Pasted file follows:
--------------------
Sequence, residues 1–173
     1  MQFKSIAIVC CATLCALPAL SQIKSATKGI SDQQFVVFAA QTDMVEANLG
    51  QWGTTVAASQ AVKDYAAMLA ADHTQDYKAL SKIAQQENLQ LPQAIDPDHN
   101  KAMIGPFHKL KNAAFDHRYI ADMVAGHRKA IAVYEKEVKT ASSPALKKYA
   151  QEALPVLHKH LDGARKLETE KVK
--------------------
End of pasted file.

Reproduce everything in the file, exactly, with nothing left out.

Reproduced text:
Sequence, residues 1–173
     1  MQFKSIAIVC CATLCALPAL SQIKSATKGI SDQQFVVFAA QTDMVEANLG
    51  QWGTTVAASQ AVKDYAAMLA ADHTQDYKAL SKIAQQENLQ LPQAIDPDHN
   101  KAMIGPFHKL KNAAFDHRYI ADMVAGHRKA IAVYEKEVKT ASSPALKKYA
   151  QEALPVLHKH LDGARKLETE KVK